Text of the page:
Netflix Blazes a Trail for Families ... And It Isn't a House of Cards
Tech companies are known for their innovation in creating services and products that can enhance and enrich our lives. But it's rare to see the kind of innovation we saw coming from Silicon Valley this week when Netflix announced its new maternity and paternity leave program.
In a blog post from Chief Talent Officer Tawni Cranz, the company outlined its new unlimited maternity and paternity leave program:
"Today we're introducing an unlimited leave policy for new moms and dads that allows them to take off as much time as they want during the first year after a child's birth or adoption. We want employees to have the flexibility and confidence to balance the needs of their growing families without worrying about work or finances.
"Parents can return part-time, full-time, or return and then go back out as needed. We'll just keep paying them normally, eliminating the headache of switching to state or disability pay. Each employee gets to figure out what's best for them and their family, and then works with their managers for coverage during their absences."
The announcement came just hours after the company's stock hit an all-time high. It's good to see that leaders of some companies are sharing their success with their employees and understanding the importance of early bonding between parent and child.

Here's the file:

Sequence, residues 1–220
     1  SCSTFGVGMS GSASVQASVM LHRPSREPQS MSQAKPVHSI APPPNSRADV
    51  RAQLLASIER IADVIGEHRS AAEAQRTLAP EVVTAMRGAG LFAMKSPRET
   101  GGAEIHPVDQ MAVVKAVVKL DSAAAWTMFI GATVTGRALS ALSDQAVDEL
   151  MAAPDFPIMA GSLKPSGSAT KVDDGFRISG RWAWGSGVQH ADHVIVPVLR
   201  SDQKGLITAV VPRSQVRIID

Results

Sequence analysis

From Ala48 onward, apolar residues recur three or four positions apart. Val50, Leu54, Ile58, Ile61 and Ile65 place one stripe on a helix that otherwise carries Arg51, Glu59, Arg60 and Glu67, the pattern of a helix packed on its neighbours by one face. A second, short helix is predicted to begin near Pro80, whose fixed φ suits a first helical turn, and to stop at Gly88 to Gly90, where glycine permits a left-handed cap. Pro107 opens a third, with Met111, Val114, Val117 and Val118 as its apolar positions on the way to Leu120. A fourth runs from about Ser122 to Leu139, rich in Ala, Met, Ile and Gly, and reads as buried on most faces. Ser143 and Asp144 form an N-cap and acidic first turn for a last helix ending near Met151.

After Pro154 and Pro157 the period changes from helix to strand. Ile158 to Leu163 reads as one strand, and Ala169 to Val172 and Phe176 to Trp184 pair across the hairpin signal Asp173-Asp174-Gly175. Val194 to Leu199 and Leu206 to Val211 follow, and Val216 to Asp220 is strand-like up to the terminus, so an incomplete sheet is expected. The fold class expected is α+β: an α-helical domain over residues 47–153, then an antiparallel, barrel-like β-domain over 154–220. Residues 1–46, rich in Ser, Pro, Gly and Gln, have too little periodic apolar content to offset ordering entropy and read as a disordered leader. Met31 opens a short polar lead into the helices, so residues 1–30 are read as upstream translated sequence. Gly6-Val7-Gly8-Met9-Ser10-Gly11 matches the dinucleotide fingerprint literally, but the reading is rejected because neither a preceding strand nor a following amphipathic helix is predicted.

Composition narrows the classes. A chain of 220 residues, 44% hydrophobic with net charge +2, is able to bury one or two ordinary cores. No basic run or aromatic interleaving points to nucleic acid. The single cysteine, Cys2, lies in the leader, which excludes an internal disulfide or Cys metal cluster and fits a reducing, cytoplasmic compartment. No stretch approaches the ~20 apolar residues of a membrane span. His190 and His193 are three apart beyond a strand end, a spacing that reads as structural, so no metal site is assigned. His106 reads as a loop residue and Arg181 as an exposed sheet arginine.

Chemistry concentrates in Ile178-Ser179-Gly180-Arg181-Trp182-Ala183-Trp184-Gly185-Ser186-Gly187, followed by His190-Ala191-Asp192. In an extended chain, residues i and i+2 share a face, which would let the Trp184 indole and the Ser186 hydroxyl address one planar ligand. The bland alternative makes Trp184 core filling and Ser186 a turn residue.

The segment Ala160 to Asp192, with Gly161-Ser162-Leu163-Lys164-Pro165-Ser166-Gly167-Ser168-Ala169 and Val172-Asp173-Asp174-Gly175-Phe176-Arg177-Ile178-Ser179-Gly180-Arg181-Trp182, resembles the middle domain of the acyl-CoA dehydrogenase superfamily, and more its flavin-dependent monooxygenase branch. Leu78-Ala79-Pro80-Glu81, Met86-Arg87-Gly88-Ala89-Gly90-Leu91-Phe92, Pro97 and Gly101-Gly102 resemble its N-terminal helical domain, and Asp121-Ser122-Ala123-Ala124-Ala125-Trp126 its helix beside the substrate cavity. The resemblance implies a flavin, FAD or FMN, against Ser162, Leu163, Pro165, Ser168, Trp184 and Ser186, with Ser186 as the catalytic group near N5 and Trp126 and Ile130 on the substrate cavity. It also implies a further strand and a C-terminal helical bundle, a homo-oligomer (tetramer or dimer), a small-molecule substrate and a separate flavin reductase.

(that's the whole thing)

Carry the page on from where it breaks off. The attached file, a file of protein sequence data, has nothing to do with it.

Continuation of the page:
While such a generous leave program may not be viable for all companies, at a bare minimum, we as a nation should be moving toward ensuring that all workers have access to paid family leave.
A recent survey from the National Partnership for Women and Families found that only 13 percent of workers in the United States have access to paid family leave through their employers, and fewer than 40 percent have access to personal medical leave through employer-provided short-term disability insurance.
Lawmakers in California have stepped forward to help fill that gap and ensure that workers in our state are given time to bond with a newborn or care for sick family members. Lawmakers in Congress and other states should follow suit.
Reed Hastings and the entire executive crew at Netflix deserve praise for adopting this new policy, demonstrating an understanding of the lasting importance of giving every parent time to bond as a family -- and ensuring that every child has a fair start.
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